My dear Prime Minister,
I have now in preparation two statements which I hope to be able to forward to you in the course of the next fortnight. As neither are ready at present, my letter will be shorter than usual.
MR. G. A. JULIUS 
Mr. Julius arrived in London late on Tuesday evening. I spent the greater part of Wednesday morning with him and last night he dined with me and we had a long discussion which lasted until 11.30.
It was most pleasant to meet a man of Mr. Julius's outlook and not only on scientific questions but also on the broad lines of Australian economic policy we found that we were in very substantial agreement. So much was this the case that I hope to be able to forward to you shortly a further reinforcement of the views which I expressed in my memorandum on Australian Tariff Policy as a result of gathering from Mr. Julius his own standpoint in this matter.
Tonight Julius, Professor Watt  and myself are dining with Walter Elliot  and Ormsby-Gore  to discuss cooperation between the Commonwealth Council for Scientific and Industrial Research and the Empire Marketing Board in scientific research.
Mr. Julius appears to have arrived in London with the definite idea that the form of liaison temporarily set up whereby I am acting for the C.C.S.I.R. is one which is sound. I have, however, particularly asked him to keep an entirely open mind on the subject until he has had a couple of months in which to turn round and to learn the whole of the complexities of Research Organisations in Great Britain.
AUSTRALIAN DRIED FRUITS
Yesterday the London Agency of the Commonwealth Dried Fruit Board gave a trade luncheon at Australia House at which we were fortunate enough to secure, as the chief guests, Lord Birkenhead  and the Rt. Hon. J. H. Thomas  M.P. There were no other speakers and Birkenhead and Thomas amply filled the bill, making interesting statements of very considerable benefit to the industry.
The guests numbered just under 200, of whom over 120 were members of the trade. These gentry were highly delighted to be asked to meet Lord Birkenhead and I feel certain that the whole of the traders present went away with a warmer feeling towards the Australian dried fruit industry as a consequence of this function.
Mr. Pratten  was one of our guests and he was seated next to Lord Birkenhead, so that I hope he enjoyed it.
EMPIRE MARKETING BOARD
You are probably aware that a Cabinet Economy Committee has been sitting for some time. I understand that the Treasury, headed by Sir Warren Fisher , has commenced an attack before the Cabinet Economy Committee on the 1,000,000 Annual Grant to the Empire Marketing Board. I think that the Treasury's idea is to put forward a proposal to reduce the value of the Grant and also to insist on strict Treasury control and the surrender of unexpended balances.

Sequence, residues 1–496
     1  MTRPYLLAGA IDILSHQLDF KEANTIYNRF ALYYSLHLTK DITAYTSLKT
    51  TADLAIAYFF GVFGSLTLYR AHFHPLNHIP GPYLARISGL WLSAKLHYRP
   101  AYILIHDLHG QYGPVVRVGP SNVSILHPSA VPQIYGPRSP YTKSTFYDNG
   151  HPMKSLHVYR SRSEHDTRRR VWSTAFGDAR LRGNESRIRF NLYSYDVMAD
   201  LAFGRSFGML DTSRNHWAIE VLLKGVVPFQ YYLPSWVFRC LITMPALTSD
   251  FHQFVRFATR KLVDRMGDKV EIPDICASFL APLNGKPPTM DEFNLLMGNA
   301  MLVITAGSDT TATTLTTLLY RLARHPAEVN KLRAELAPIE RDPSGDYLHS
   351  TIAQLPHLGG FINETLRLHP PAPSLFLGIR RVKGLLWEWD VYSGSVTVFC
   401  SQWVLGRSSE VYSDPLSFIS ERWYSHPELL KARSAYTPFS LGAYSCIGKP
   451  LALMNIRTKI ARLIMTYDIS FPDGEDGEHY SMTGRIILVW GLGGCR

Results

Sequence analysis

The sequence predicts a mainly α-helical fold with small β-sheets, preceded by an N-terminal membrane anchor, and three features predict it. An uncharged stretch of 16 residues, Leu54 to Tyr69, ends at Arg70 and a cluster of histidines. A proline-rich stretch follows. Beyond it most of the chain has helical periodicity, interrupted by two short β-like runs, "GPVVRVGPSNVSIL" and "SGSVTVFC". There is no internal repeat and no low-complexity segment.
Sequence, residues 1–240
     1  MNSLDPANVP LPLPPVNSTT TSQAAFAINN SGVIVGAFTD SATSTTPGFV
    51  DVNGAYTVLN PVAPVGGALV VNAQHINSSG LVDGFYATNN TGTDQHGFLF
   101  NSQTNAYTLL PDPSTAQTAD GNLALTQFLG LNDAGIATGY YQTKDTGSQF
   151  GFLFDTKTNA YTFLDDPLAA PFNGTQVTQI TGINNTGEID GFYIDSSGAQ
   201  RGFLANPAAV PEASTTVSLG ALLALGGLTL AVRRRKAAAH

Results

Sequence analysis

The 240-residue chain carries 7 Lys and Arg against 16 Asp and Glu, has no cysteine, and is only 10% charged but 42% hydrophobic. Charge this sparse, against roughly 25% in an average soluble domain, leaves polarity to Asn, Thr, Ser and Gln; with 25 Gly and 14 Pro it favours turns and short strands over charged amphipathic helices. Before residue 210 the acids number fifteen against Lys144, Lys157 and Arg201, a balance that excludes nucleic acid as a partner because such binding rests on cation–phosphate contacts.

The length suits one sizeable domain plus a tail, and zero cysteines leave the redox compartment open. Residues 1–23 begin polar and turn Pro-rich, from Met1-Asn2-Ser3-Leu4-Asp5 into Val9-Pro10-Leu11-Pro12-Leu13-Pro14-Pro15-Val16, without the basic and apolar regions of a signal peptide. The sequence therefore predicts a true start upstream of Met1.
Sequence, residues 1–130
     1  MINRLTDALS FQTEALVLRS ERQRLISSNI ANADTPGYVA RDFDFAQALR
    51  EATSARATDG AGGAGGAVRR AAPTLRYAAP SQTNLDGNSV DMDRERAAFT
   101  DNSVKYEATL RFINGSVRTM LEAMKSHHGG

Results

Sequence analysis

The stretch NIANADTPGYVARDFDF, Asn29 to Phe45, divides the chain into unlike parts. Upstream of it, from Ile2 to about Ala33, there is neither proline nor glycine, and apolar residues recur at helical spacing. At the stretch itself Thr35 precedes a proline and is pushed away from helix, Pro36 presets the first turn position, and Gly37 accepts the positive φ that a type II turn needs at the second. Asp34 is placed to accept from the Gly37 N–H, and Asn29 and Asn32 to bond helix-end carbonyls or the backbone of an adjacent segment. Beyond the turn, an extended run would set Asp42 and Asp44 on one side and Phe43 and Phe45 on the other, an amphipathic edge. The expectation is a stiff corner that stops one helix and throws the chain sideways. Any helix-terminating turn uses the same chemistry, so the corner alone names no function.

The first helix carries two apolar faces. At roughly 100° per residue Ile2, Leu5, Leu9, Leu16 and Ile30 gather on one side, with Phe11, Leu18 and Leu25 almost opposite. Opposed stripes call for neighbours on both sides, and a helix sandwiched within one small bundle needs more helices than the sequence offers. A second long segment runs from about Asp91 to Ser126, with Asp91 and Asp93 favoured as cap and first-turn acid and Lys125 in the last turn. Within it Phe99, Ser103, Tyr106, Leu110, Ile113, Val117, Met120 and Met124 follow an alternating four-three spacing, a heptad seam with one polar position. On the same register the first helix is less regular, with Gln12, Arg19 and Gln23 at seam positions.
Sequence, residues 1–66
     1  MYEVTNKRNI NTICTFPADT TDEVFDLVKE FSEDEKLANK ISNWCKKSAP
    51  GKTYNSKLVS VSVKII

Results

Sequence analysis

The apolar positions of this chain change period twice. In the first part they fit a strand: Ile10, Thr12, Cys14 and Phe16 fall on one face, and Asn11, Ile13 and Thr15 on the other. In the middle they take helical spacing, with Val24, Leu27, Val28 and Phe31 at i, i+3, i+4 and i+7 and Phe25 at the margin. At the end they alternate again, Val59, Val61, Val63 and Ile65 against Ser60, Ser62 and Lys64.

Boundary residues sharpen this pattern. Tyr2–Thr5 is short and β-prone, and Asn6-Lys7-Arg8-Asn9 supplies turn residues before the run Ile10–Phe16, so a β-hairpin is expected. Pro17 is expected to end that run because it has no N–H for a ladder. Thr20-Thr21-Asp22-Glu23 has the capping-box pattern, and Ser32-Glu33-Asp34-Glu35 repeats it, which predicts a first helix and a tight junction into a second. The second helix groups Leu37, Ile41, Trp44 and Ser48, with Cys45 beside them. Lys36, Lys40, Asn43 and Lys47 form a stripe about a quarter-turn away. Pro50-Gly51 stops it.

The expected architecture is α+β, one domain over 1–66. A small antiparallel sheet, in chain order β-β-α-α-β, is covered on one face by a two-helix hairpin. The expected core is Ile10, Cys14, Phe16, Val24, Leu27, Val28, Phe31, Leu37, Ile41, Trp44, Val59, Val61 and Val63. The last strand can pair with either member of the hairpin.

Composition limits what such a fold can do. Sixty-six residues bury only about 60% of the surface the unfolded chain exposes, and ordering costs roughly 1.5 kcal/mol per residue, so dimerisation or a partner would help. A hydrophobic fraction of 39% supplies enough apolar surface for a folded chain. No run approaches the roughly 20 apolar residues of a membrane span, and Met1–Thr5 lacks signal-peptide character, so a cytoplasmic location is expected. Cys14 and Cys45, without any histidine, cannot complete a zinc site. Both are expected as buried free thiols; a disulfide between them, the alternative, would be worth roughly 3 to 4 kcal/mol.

I do not anticipate that My Lords of the Treasury will have it their own way but it is extremely significant of the state of mind of the Treasury and the Bank of England that they should even put forward suggestions for a reduction in the Annual Grant at the present moment.
I shall watch the position with keenest interest and keep you informed & should any untoward development seem in the least likely, shall immediately cable.
I had a letter from Gepp  asking me to look into the possibility of an improved market for Brandy in the United Kingdom, pointing out that an extension of the market would entirely be dependent upon increased preference.
It so happened that, at the same time, I found that some of the Parliamentary Members of the Empire Industries Association were anxious to press for increased preference on Brandy in the debate on the Finance Bill. I have, therefore, provided them with a good deal of information and today discussed the matter with Sir Horace Hamilton, the head of the Customs. He tells me that at the moment there is an insuperable objection to any increase in the preference on Brandy, namely that no such increase could well be given without some concession being given to the Whisky Distillers in the United Kingdom. Financial conditions have made it impossible to give the concession to the Whisky people that was anticipated and under those circumstances he feels that, although the Chancellor  was quite well disposed towards an improved preference on Brandy yet it would be quite impossible for him to accept the amendment.
I conclude from this that should it be possible at the next budget for the Chancellor to give any substantial concession to the Distillers in Great Britain it would be practical politics to press at the same time for an increase in the preferential rate upon Empire Brandy.
In my letter of the 1st June , I drew attention to a possible concession to British Merchants holding Tarragona and Lisbon wines in bond. I now find that an amendment has been formed to the Finance Bill in order to allow the duty of 8/- per gallon on foreign wines over 25 strength to be reduced to 5/- so far as the quantity held in bonded store before the budget came into operation is concerned. The total amount of wine involved is something in the neighbourhood of 1,000,000 gallons-in other words about 2 1/2 months supply.
I am inclined to think that the Chancellor will probably accept this amendment provided that the debate shows that there is no strong objection to it in the House. I had Hamilton to lunch with me today and he said that he was by no means sure what action the Chancellor would take but he thought it was a reasonable thing to give the unfortunate holders of Tarragona wines an opportunity to get quit of this stock without having to accept entirely ruinous prices. So far as I am able to gather, this concession, being of a purely temporary nature, cannot have any important effect on the trade in Australian wines.
Yours sincerely, F. L. MCDOUGALL